If you ever take a Saturday morning trip over to the Tuna Harbor Dockside Market at the Port of San Diego you will see a dazzling array of seafood for sale direct from the fishermen who just caught it. While you can get a whole fish at a fraction of the cost of the grocery store it can be a bit daunting to purchase. What do you do with a whole fish? There is a butchering station there that will cut it up for you but don’t waste those heads! Make your money go even farther by cooking up some fish fumet that can be used to make healthy and delicious soups and pastas. Use it in chowders, bisques, cioppino, miso, even as a warm cup of “bone broth”.

Fish Fumet

1 Fish head (I used Opah) and bones if desired

1 large onion, small dice

2 carrots, small dice

3 celery stalks, small dice

2 Tbs butter or olive oil

2 bay leaves

2 Tbs peppercorns

6 sprigs thyme (or ½ tsp dried)

1 bunch parsley or cilantro stems

¼ Cup dry white wine or lemon juice

Aprox. 2 quarts cold water or enough to cover bones

Large pot

  1. Wash head and bones well and set aside
  2. Melt butter in large stockpot over medium heat and add onion, carrot, celery, bay, peppercorns, thyme and parsley, stirring often until vegetables become soft but not brown.
  3. Place fish head and bones in pot. Cover pot and let cook about 10 minutes or until bones have turned white
  4. Add wine or lemon juice then cover with water and let simmer on low heat approximately 30 minutes.
  5. Strain through a cheesecloth set inside a fine mesh strainer and cool over an ice bath if not using immediately.
  6. Once cool refrigerate for up to 3 days or freeze up to 2 months. Like all homemade stock it will have a jellied consistence when cool but will melt when reheated.

Tips:

Great way to use up vegetable trimmings as well. Feel free to add other vegetables such as mushrooms, leek, garlic, fennel but avoid strong flavors like broccoli, asparagus or bitter greens.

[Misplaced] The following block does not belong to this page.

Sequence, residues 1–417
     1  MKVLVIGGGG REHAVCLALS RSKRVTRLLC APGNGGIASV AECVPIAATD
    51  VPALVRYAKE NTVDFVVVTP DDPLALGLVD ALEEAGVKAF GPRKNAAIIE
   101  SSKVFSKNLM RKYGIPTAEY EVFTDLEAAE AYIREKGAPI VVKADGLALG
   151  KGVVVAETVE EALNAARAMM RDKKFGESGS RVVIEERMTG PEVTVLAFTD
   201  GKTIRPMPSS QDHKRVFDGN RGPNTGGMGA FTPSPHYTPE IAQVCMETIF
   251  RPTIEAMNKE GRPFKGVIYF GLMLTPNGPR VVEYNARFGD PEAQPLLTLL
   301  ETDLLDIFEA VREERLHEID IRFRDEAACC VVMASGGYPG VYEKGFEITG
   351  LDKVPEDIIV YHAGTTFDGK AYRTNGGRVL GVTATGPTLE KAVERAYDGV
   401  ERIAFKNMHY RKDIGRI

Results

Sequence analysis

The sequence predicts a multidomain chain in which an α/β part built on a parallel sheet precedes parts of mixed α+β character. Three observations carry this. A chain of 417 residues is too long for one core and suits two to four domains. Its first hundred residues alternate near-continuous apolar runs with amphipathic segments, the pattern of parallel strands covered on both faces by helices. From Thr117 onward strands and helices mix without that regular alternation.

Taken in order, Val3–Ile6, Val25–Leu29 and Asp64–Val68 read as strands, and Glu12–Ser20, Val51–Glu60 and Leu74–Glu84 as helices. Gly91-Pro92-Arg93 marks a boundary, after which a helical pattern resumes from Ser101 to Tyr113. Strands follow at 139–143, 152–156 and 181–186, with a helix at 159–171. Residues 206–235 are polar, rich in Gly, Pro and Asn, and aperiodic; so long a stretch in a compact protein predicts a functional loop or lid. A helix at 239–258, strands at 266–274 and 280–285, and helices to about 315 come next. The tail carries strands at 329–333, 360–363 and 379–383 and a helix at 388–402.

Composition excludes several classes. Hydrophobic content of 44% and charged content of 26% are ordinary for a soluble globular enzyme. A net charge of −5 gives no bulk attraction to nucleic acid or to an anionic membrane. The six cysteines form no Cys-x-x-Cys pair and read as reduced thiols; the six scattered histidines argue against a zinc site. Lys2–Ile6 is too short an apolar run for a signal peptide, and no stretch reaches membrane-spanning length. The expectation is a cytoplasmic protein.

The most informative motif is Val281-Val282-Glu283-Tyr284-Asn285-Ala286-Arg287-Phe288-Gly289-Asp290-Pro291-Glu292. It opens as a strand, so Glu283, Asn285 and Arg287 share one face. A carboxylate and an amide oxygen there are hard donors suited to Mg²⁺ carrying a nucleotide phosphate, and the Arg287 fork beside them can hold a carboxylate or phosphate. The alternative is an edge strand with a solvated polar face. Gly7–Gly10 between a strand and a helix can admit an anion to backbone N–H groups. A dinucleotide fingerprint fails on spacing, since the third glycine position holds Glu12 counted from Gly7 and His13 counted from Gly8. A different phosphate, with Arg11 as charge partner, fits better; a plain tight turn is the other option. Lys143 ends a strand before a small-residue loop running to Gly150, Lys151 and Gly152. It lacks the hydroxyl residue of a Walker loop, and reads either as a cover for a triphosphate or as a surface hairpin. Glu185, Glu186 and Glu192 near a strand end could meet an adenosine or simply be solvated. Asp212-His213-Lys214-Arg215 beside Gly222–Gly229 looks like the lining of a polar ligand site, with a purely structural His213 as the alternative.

Oily fish such as salmon, tuna, or mackerel have a strong flavor and will make a stock right for their own chowders but will be too strong for other applications.

Easy stocks can also be made using crustacean shells like shrimp or crab.

Waste Not SD: Reducing Local Restaurant Food Waste

Food Waste is  a topic gaining momentum in the media as well as with individuals and organizations throughout the world.  You do not have to go far to find stories and programs around Ugly Fruit, Gleaning, Food Insecurity, Waste Free Dining, etc. Here in San Diego there is a new program designed to help combat food waste called Waste Not SD.  San Diego’s Specialty Produce recently started Waste Not SD to help recover food from local restaurants before it goes to waste and get it to local food insecure populations.

We spoke recently with Specialty Produce’s Allie Tarantino, who worked to bring the program to life.  Allie told me that she’s been working in food service for over a decade and that a ton of food goes to waste.  One single restaurant can have between 25,000 and 100,000 pounds of food waste a year.  Allie was inspired by other programs that exist, like LA Specialty’s Chef’s to End Hunger to create something in the San Diego area that can help reduce the amount of food that our restaurants throw away.

The program is genius in its simplicity.  Specialty Produce works with over 800 restaurants in San Diego County.  Those restaurants can order food safe containers along with their produce order, fill them up at the end of the day with food that would otherwise go to waste, and the Specialty Produce delivery team will pick it up and deliver it to a local organization that distributes the food to people in need.  Because the program builds on relationships and delivery routes that already exist, it requires minimal additional effort for any of the parties involved.

The program here is new, but Waste Not SD  has three active accounts and is already actively working with both Tom Ham’s Lighthouse and Bali Hai Restaurant to collect food and distribute it to non-profit partners that they’ve identified through the San Diego Food Bank.

If you are interested in learning more about the Waste Not SD program please contact Kelly@SpecialtyProduce.com